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After winning tainted national title, Michigan’s new fight song: Hail to ‘The Cheaters’ | Commentary

They have spied.

They have lied.

They have denied.

Now, sadly, the Michigan Wolverines have been rewarded with a national championship trophy.

And if it’s not hard enough to swallow that a bunch of cheaters won the national title on Monday night when Michigan ran over Washington 34-13, Wolverines coach Jim Harbaugh had the audacity to rub our noses in it with his you-can’t-touch-me smugness afterward.

“The off-the-field issues, we’re innocent and we stood strong and tall because we knew we were innocent,” Harbaugh said with a straight face. “Overcome that? It wasn’t that hard because we knew we were innocent.”

Puh-leeze.

If you believe Harbaugh and his coaching staff are innocent, you probably also believe there are a bunch of crime fighting Teenage Mutant Ninja Turtles living in the sewers beneath New York City.

If the Wolverines are innocent then why was Harbaugh — the national championship-winning coach — suspended for half of the regular season (six games) for two different breaches of NCAA rules?

Why did Michigan itself levy a three-game suspension of Harbaugh as a good-faith effort to penalize the coach for alleged recruiting violations in 2020 in which the NCAA says Harbaugh lied to its investigators?

Why did Michigan agree to the Big Ten’s additional three-game suspension of Harbaugh at the end of the season for the comprehensive sign-stealing scheme orchestrated by Harbaugh staff member Connor Stalions? And why was Stalions fired only after the blatant cheating allegations became public?

And why did Michigan’s leaders, whom originally claimed they would fight the Big Ten’s suspension of Harbaugh in court, back down at the 11th hour after new information came out? Instead, they agreed to the Harbaugh suspension and swiftly fired Wolverines linebackers coach Chris Partridge instead.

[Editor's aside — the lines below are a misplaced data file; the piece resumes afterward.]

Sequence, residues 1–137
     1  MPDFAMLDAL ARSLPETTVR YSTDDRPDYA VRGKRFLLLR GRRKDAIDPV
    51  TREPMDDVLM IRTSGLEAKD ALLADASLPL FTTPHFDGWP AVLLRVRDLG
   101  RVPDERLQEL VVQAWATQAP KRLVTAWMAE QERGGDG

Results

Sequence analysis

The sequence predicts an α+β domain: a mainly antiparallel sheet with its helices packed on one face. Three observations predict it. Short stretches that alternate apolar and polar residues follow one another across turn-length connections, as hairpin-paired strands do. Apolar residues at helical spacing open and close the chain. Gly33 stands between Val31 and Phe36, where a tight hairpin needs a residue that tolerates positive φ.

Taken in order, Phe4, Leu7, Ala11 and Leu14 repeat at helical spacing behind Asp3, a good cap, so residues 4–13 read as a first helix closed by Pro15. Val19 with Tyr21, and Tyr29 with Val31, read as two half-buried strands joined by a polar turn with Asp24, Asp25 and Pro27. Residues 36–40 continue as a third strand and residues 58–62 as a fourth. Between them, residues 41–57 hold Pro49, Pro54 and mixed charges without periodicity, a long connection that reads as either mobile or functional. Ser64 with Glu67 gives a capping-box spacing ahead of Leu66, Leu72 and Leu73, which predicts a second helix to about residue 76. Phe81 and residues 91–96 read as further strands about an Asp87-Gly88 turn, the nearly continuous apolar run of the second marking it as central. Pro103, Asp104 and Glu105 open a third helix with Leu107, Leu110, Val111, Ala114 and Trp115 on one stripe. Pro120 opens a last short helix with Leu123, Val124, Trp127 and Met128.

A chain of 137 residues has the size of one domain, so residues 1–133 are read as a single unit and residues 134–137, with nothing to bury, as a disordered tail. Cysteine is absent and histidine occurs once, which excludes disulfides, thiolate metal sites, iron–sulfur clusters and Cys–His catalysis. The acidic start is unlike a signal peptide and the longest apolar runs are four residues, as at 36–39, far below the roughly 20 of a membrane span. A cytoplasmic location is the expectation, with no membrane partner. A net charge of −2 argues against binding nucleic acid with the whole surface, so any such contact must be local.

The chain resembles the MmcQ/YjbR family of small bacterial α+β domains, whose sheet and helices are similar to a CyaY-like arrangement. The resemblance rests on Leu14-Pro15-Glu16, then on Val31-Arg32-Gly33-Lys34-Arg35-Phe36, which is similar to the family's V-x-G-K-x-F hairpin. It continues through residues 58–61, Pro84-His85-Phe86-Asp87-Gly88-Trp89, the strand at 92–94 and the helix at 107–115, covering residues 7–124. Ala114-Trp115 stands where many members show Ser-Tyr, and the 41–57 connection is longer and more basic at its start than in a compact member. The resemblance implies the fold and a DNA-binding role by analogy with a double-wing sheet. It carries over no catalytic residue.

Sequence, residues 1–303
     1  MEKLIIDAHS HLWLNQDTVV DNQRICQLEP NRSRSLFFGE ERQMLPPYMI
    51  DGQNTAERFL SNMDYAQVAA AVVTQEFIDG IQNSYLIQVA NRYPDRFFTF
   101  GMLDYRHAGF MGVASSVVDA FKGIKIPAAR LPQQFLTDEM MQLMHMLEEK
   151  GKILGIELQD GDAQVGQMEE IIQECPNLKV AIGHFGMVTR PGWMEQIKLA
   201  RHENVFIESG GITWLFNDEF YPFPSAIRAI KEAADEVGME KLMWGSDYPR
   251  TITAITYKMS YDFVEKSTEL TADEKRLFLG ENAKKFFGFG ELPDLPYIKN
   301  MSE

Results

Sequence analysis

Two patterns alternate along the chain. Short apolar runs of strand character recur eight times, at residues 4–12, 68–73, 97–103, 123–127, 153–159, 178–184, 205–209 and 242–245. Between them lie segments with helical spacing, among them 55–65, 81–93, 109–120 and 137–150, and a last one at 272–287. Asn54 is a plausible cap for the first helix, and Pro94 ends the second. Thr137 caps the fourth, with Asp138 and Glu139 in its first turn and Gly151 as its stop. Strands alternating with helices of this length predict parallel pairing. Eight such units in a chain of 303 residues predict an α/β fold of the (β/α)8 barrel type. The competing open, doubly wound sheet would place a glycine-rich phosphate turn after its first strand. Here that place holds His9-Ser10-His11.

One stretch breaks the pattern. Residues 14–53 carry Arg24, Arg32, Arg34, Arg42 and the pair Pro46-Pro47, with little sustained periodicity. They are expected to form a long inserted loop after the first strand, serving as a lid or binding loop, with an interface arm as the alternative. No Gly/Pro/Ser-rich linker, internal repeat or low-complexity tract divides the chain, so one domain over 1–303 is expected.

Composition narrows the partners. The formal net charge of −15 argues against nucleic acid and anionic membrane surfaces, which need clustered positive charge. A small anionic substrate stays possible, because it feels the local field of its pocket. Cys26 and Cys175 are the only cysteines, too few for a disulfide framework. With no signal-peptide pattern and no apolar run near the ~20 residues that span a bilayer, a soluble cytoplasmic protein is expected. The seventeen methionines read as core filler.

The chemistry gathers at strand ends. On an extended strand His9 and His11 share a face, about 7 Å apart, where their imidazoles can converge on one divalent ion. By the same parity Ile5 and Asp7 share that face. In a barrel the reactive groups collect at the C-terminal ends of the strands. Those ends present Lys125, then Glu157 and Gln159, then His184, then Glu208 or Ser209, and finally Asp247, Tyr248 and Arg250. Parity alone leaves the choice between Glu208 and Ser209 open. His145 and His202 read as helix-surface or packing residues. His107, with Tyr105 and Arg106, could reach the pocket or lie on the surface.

Why?

Why?

Why?

Because Michigan and Harbaugh cheated.

The NCAA knows it.

The Big Ten knows it.

Even Michigan itself knows it.

But, as we all know, winning is the great deodorizer and covers up the stench that emanates from the gutter of college sports. As I wrote several weeks ago:

“We used to think of the University of Michigan as a bastion of academic excellence, as one of the nation’s premier research universities and arguably the most esteemed public university in America. Now when we think of Michigan, we think of just another sewer-dwelling, win-at-all-cost football factory that will do anything and everything in its power to win a national championship. The Wolverines, in their race to get to the top of the college football rankings, actually have sunk to the bottom of the cesspool known as college athletics.”

I’ve often said that sports fandom is much like partisan politics. In the political arena, for instance, Democrats and Republicans have been brainwashed by cable news and will rationalize lying, cheating and stealing to back their candidate no matter what.